However, the question that no one is asking is, what was on the laptop? What information from the highest office in the country is now "in the wild"? What government information may be lost forever if the laptop was not recently backed up?

Shortly after I arrived in Fiji approximately one year ago, the theft of a government laptop from an employee's home was reported in my home town of Edmonton, Alberta, Canada. It turns out that this laptop contained mental health information for over a thousand patients in the Province of Alberta. Neither the laptop nor the data were recovered.

What motivated a government investigation resulting in a twelve page public report into this incident was not the question of whether the employee or her employer failed to adequately protect public physical assets, i.e. the laptop. The government inquiry was focused on whether the employee or her employer failed to adequately protect confidential patient data. The investigation found that the employer, a regional health management organization, had failed in its responsibilities - chiefly through having inadequate policies in place - and was required to inform all 1000+ patients that their files had been compromised.

The investigation report went on to make the following general recommendations to all government departments in the province of Alberta who use mobile computing equipment such as laptops.
  • Perform a Privacy Impact Assessment (which should include an assessment of security risks) before implementing mobile computing.
  • Do not store personal or health information on mobile computing devices unless you need to – consider technologies that allow secure, remote access to your network and data instead.
  • If you must store personal or health information on a mobile device, use encryption to protect the data – password protection alone is not sufficient.
  • Keep the amount of personal or health information stored on mobile computing devices to a minimum, based on your business needs.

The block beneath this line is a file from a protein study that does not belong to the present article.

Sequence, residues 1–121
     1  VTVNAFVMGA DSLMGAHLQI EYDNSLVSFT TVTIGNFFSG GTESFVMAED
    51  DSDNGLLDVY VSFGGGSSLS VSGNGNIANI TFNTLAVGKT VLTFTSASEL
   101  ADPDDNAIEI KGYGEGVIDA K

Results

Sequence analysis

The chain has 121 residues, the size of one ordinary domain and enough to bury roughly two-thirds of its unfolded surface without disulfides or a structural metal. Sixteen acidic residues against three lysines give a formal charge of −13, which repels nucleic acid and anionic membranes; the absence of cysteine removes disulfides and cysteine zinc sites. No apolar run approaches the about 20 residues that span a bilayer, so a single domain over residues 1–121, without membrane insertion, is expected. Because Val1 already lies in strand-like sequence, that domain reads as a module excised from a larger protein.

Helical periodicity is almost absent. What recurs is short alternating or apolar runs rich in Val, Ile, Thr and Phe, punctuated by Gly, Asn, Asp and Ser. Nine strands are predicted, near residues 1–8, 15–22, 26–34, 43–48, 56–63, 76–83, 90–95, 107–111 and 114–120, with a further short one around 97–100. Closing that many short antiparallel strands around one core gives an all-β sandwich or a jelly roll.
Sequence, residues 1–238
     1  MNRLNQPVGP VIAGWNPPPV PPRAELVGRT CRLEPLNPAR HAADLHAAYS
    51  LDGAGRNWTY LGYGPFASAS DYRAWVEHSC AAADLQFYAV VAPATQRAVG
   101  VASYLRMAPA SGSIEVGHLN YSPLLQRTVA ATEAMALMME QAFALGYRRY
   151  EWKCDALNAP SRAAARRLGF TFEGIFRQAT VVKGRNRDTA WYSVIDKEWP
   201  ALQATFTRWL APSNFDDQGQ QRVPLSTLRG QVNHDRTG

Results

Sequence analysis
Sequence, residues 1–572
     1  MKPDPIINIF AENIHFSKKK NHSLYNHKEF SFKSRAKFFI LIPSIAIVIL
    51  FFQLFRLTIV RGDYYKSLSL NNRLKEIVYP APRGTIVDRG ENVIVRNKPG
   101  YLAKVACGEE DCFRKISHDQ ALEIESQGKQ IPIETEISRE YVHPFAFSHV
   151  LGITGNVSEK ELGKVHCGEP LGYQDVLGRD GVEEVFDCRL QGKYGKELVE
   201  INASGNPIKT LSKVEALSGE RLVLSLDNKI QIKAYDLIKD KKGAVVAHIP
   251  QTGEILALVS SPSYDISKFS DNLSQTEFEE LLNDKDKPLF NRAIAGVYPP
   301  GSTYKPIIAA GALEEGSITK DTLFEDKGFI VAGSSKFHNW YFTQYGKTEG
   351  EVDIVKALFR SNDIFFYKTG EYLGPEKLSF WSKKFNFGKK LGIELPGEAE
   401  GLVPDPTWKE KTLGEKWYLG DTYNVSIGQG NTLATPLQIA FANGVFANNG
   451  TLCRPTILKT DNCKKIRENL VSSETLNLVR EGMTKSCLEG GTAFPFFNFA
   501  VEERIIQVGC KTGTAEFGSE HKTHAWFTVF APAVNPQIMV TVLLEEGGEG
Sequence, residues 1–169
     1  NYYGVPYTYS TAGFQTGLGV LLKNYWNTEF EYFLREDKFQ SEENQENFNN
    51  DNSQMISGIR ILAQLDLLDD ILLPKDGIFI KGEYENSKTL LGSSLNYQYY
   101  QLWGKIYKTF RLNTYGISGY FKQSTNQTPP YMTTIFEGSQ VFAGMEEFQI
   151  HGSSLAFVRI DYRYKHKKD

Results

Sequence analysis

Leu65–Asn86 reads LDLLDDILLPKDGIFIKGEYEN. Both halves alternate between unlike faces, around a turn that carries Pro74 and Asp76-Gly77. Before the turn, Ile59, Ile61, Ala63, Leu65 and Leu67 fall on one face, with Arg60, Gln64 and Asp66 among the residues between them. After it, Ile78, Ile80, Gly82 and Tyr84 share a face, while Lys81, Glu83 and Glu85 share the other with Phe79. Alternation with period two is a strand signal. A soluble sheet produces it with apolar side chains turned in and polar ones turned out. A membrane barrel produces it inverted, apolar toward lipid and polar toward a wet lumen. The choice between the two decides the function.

• Periodically check your policies against practice to ensure they reflect reality and remain effective.
  • Provide specific training on mobile computing to staff to ensure they understand the risks and understand how to protect their equipment.
[Information and Privacy Commissioner of Alberta, Report of an Investigation Concerning a Stolen Laptop Computer, December 5, 2006 - pdf file]
These recommendations are valuable to all organizations with sensitive information stored on laptops and other mobile devices, both in the public and private sectors. Organizations in Fiji would do well to consider adding similar provisions to their information security policies. You do have an information security policy, right?

Photo by: Filipe Morin


Infamous Fiji blog hits Wordpress top 100 list

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Most of the world's bloggers are typing away in relative obscurity having very few readers beyond a few family and friends. Most of Fiji's bloggers are no different drawing only single digit readerships daily. I have been grinding away at Digital Fiji for roughly a year now and I can only boast of a daily readership of around 40 unique readers daily with occasional spikes to over 100 whenever I write something reasonably interesting.

It will not surprise anyone that Fiji's anonymous political blogs, which exploded onto Fiji's blogosphere shortly after the 2006 coup, draw much more of an audience than Digital Fiji. However, who would of thought that one of Fiji's most controversial anti-military blogs would rate among the "top blogs" of the world? Why Fiji Is Crying, which I recently blogged about, has done just that.

This screen shot is taken from the Wordpress Top Blogs page today. You can see Why Fiji Is Crying sandwiched between YOU BEEN BLINDED and Tennis Planet. What does this mean? It is hard to say. Wordpress's page says that they top blogs are "ranked here according to a special formula". The formula is not revealed.

This certainly demonstrates that Fiji's anonymous political blogs, with all of the questions that they raise, are extremely popular - in fact, Why Fiji Is Crying is likely the most popular blog in Fiji.

P.S.: If you are interested in trying to draw more readers to your own blog, check out Matt Huggins' 55 Essential Articles Every Serious Blogger Should Read. Keep blogging!


Just for you: new Digital Fiji feeds

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Way back in September 2006, I was writing here about website syndication, ATOM feeds, and everything RSS. The Fiji blogosphere has radically changed since then making my aggregated Fiji blog feed next to useless. It would be an interesting exercise to put together an new Fiji blog aggregator - which is something that I may take on in the future.